This means you need to constantly be aware of your strengths and weaknesses, but also figure out how to avoid enemy turrets and weaponry as well. The AI seems smart enough to know where its weapons are placed and will make it challenging to get out from their weapon's ideal positioning. For example, maybe an enemy has a chainsaw on the bottom of their ship, which does massive damage, so the AI will generally know to try and stay above you so that it can attempt to kill you. One on one isn’t too bad, but when you get a few levels deep and have multiple enemies at once, you can get shot down in a matter of seconds if you’re not careful and take them out swiftly. This isn’t even factoring the special levels that also have debris, like floating space cows or cars, which needs to be avoided as well.

This is where your shield comes into play. This shield will allow you to block incoming projectiles, push away enemies and even tractor beam in cash and pickups from blown up enemies. So why not just always have the shield going then? Well, your ship also has an energy meter, tied to not only your shield use, but your turret firing as well, so it’s a delicate balance of offensive and defensive you need to find.

The ship you begin with will be very basic and as you progress from planet to planet, but should you decide to blow it up after defeating its boss instead of making it all the way to Earth, you’ll unlock new ships, but keep in mind this will end your run just like a regular death would. While I liked the idea, sadly the newer ships seemed to be just cosmetic changes and had no added statistical benefits (though there was an achievement).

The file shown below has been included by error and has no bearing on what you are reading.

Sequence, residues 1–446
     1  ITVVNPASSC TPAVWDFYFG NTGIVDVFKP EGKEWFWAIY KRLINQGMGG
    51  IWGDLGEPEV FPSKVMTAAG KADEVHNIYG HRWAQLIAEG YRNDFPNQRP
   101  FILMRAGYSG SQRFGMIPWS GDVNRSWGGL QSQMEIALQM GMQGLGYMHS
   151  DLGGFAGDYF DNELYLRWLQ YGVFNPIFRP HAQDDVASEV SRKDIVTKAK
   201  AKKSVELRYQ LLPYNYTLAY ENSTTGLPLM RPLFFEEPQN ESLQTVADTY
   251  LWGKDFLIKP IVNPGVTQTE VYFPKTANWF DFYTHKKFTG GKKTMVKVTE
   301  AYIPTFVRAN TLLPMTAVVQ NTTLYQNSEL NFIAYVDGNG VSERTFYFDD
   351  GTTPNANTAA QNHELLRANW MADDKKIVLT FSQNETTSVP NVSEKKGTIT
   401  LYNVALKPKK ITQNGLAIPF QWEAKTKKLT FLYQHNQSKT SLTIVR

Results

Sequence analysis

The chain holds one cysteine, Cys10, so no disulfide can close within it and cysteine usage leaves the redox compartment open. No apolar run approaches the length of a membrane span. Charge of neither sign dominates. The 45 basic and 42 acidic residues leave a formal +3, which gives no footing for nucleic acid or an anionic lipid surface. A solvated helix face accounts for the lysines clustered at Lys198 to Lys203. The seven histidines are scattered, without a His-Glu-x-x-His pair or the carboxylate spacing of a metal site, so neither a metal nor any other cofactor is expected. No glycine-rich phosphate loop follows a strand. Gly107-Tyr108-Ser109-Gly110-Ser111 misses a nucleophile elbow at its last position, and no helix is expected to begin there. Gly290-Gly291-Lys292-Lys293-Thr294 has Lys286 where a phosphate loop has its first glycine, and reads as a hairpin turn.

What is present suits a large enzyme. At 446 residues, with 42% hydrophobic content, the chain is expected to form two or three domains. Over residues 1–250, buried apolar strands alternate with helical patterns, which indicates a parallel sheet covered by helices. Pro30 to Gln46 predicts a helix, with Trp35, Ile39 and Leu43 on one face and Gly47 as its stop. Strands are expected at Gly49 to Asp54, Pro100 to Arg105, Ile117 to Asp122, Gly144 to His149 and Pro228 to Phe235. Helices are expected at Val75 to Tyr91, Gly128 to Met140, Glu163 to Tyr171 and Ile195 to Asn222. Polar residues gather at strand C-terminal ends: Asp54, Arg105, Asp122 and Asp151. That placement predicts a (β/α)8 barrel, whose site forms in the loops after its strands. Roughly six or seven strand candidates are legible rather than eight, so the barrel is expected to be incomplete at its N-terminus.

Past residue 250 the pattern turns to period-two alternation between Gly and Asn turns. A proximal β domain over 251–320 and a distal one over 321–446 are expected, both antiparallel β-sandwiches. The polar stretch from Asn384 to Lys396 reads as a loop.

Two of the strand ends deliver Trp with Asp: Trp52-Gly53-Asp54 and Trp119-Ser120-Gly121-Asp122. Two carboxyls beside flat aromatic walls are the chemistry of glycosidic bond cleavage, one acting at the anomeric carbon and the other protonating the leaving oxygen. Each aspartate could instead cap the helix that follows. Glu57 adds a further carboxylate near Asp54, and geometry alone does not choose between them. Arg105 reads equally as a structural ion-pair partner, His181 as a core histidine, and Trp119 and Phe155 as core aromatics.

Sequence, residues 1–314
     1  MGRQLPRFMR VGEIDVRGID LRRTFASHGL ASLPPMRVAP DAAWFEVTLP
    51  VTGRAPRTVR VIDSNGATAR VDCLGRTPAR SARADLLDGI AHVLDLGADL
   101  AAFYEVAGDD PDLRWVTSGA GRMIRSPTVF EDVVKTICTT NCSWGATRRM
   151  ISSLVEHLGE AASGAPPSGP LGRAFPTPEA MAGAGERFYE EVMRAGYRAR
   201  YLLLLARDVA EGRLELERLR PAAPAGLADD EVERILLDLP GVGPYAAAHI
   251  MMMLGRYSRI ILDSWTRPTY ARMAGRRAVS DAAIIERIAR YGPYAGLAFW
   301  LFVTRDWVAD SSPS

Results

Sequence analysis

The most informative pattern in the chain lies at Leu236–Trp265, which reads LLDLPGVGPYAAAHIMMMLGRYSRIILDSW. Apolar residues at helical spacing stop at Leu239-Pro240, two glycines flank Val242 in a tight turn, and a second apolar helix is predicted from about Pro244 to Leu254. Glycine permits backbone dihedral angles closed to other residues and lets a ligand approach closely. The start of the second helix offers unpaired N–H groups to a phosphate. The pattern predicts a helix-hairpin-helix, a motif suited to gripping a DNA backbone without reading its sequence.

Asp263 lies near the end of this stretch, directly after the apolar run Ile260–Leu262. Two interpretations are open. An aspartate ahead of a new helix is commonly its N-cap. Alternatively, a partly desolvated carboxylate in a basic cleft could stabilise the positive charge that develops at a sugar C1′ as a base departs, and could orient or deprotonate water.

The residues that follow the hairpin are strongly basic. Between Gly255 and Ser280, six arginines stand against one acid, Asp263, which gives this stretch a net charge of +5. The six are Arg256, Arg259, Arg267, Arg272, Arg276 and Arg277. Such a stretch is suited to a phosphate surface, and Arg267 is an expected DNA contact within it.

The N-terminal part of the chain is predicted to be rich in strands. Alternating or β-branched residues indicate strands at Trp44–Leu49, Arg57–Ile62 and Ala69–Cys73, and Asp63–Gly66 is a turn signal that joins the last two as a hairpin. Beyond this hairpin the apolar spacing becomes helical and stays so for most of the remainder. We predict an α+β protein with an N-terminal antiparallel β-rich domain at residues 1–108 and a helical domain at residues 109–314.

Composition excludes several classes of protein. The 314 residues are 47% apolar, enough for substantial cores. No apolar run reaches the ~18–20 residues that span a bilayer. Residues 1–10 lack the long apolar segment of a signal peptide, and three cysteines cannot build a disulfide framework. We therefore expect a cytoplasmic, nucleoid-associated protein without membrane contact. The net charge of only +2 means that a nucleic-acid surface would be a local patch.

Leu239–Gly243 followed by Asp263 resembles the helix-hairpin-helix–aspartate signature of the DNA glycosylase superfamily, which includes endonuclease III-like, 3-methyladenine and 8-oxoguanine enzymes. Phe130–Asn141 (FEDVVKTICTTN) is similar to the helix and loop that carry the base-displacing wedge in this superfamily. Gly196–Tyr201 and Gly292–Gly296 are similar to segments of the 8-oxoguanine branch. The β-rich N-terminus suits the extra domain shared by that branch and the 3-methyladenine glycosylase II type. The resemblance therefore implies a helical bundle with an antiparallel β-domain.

That’s right, you’re going to have to survive many levels to get to each of the Planet’s bosses, of which are incredibly challenging. To put it into perspective, after about an hour or two of trying over and over and finally making it to Pluto and defeating the first boss, I got a rare achievement that only about 5% of players had unlocked. That’s how challenging Fission Superstar X is. Get used to the first two planets though, as getting further than that is truly an accomplishment in of itself.

Levels last anywhere from one to three minutes, and once you survive, you’re given the option of what you want to do next. Do you repair your ship, heal your crew or boost their shields? Also, you’ll pick from a list of random vendors that sell weapons, shipyards and crew recruitment. In the beginning you’ll want to recruit ASAP so that you can fill all four turrets and defend yourself on all sides, but this costs money, as does upgrading your weapons. You don’t get many of the super cool weapons until much later in the game, but again, good luck making it that far without a dozen hours of practice and the RNG gods on your side.